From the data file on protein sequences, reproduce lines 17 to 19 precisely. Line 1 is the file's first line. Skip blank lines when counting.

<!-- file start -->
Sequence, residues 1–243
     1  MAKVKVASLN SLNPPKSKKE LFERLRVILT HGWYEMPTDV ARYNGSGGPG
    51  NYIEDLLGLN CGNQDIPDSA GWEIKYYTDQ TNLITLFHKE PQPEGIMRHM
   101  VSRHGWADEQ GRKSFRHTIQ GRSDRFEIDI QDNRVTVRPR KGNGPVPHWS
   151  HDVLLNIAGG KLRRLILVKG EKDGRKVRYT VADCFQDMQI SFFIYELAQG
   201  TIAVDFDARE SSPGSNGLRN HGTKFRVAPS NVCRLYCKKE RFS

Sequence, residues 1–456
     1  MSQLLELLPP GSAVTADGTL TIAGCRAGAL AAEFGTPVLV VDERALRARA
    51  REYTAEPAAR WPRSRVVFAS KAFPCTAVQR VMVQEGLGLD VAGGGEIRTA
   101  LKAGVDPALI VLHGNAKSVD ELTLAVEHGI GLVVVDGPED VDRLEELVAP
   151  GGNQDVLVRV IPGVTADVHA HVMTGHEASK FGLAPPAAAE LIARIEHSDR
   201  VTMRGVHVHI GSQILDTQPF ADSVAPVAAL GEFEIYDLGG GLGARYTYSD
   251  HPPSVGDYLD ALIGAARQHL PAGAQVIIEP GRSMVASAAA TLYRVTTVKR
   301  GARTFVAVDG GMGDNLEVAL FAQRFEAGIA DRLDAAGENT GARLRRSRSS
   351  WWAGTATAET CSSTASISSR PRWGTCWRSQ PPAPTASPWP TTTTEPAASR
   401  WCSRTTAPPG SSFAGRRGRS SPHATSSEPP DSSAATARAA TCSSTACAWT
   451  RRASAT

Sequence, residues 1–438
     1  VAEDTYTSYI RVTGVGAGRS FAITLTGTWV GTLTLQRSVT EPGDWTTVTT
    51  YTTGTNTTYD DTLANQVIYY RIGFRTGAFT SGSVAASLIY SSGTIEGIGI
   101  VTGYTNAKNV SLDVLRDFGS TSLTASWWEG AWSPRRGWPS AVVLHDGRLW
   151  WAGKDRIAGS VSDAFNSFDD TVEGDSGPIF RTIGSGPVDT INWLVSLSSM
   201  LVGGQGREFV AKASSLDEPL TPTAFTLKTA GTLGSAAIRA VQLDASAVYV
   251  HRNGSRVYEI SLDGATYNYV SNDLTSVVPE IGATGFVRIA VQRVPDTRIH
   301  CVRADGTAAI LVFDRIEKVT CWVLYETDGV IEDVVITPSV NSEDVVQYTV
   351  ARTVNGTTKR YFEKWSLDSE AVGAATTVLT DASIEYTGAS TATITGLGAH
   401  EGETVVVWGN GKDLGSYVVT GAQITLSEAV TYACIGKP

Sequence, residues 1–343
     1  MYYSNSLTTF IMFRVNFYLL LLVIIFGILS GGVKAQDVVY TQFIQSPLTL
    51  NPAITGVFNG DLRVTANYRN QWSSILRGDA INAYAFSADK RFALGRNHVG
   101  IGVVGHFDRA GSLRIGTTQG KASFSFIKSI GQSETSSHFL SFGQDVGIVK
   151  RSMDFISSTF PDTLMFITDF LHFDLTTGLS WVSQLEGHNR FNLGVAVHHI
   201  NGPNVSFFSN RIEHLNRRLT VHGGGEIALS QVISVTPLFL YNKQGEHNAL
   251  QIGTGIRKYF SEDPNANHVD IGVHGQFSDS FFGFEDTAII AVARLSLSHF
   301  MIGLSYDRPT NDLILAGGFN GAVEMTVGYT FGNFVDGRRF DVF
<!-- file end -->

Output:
   451  RRASAT

Sequence, residues 1–438
     1  VAEDTYTSYI RVTGVGAGRS FAITLTGTWV GTLTLQRSVT EPGDWTTVTT